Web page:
Phycocyanin has been found to protect against hepatotoxins in rats. The mechanism may be via its antioxidant activity. An extract of Spirulina maxima also protected against carbon tetrachloride hepatotoxicity in rats. The phycocyanin con- tained in the extract, as well as other antioxidants, probably account for the hepatoprotective effect.

    Spirulina was found to inhibit mast-cell mediated immediate- type allergic reactions in rats. It is speculated that there are substances in Spirulina that may inhibit mast-cell degranula- tion, possibly by affecting the mast-cell membrane.

    Spirulina platensis extracts have been demonstrated to enhance macrophage function in cats and to enhance humoral and cell-mediated immune functions in chickens. The mechanism of these effects is unknown.

    It was shown that in vitro culture of Spirulina with human blood mononuclear cells modulated the production of some cytokines. Another study by the same group evaluated ~he impact of a Spirulina nutritional supplement on subjects with allergic rhinitis by assessing the production of the cytokines interleukin (lL)-4, interferon (lFN)-gamma and interleukin (lL)-2. These cytokines are critical to the regulation of immunoglobulin E-mediated allergic reactions. In a random- ized, double-blinded, crossover study versus placebo, it was found that Spirulina modulated the Th (T-helper lympho- cyte) profile in subjects with allergic rhinitis by suppressing the differentiation of Th2 cells, mediated, in part, by inhibiting the production of IL-4. Spirulina appeared not to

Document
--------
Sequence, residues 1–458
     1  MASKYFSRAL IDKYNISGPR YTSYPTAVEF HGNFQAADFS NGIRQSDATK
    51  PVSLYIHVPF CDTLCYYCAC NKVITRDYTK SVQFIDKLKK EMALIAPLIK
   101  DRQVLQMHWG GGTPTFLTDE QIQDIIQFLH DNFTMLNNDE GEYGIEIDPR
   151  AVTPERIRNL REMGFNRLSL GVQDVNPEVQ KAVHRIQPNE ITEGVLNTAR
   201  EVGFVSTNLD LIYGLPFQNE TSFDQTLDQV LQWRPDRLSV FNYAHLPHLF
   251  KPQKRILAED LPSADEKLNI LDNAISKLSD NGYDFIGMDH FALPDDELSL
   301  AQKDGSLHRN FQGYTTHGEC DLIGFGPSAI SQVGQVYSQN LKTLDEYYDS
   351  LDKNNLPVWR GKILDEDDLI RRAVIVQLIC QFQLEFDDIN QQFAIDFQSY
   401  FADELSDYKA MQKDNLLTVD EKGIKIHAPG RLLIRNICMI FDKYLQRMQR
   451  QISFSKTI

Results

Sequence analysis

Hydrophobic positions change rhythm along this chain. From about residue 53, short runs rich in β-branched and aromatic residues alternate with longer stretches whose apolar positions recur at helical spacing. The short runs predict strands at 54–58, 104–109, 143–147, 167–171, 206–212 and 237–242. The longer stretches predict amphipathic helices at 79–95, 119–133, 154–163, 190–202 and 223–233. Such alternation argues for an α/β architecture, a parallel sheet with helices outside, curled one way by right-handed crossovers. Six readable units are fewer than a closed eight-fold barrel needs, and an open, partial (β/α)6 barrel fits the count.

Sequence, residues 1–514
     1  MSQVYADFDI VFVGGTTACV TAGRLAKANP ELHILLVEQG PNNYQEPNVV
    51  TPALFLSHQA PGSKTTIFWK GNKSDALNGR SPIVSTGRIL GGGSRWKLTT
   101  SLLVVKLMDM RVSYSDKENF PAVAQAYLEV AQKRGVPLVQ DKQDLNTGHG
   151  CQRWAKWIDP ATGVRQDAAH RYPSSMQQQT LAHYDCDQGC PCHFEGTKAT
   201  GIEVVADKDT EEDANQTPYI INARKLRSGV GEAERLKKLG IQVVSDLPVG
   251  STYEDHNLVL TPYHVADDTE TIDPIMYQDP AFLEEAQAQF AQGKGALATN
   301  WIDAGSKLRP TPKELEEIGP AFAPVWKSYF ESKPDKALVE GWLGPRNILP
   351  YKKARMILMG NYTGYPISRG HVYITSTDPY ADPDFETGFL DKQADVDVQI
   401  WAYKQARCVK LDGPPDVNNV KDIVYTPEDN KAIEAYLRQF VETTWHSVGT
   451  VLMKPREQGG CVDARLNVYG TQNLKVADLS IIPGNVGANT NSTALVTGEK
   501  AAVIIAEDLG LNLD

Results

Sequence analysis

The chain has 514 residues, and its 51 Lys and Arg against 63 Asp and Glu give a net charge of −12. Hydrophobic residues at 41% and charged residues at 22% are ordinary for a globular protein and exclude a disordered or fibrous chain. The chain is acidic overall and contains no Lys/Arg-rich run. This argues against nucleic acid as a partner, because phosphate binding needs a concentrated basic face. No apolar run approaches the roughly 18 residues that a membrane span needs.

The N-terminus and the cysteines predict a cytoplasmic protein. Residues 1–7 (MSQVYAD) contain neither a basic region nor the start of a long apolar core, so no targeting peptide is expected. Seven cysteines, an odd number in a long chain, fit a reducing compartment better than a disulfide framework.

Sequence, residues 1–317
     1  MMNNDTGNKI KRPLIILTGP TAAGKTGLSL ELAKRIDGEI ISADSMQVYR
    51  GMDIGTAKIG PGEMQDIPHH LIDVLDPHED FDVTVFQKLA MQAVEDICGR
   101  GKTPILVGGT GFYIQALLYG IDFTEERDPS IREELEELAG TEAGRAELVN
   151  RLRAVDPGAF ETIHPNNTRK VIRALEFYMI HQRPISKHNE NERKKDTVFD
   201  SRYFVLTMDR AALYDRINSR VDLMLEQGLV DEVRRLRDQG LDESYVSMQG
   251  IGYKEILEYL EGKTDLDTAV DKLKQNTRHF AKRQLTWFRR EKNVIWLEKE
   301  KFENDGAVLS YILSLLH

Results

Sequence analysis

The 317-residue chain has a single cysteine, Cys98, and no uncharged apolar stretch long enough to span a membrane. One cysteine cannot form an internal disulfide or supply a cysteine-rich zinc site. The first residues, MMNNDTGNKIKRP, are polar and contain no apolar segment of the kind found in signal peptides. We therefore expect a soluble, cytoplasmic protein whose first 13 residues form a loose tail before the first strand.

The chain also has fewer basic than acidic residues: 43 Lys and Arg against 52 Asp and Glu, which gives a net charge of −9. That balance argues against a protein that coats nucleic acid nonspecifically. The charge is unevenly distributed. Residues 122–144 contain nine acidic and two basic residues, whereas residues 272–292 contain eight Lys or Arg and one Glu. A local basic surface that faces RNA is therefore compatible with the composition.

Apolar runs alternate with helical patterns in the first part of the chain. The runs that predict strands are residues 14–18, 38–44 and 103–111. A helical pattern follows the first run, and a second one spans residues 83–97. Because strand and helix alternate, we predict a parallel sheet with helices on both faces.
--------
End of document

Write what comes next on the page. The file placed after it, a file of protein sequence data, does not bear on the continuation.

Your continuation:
be effective at modulating the secretion of the Th I cytokines lPN-gamma and IL-2.


    The pharmacokinetics of Spirulina in humans has not been studied. However, the proteins, lipids and carbohydrates in Spirulina should be digested, absorbed and metabolized by normal physiological processes.


    Spirulina has shown some indication of having antiviral effects in preliminary in vitro and animal studies. There is also evidence of a preliminary nature that it might favorably affect some immune functions and have some hepatoprotec- tive capability. It has shown some promise of inhibiting some allergic reactions in recent experimental studies. Hypocholesterolemic effects have been reported in some animal studies.


    An extract of Spirulina inhibited in vitro replication of HSV- 1 simplex virus type 1. It also significantly prolonged survival time of HSV-I-infected hamsters. It seemed to act, not through direct virucidal effects, but rather through inhibition of viral penetration into cells. Subsequently, further experiments demonstrated that Spirulina extract significantly inhibited in vitro replication of several envel- oped viruses, including human cytomegalovirus, measles virus, mumps virus, influenza A virus and HIV-1. Again, the mechanism of action was said to be selective inhibition of viral penetration into host cells.

    More recently still, other researchers have focused specifi- cally on the ability of a Spirulina extract to inhibit HIV-l replication in human T-cell lines, peripheral blood mononu- clear cells (PBMC) and Langerhans cells (LC). The research- ers stated: "We conclude that aqueous A platensis extracts contain antiretroviral activity that may be of potential clinical interest."

    Spirulina and some of its constituents have shown an ability to favorably affect various immune functions.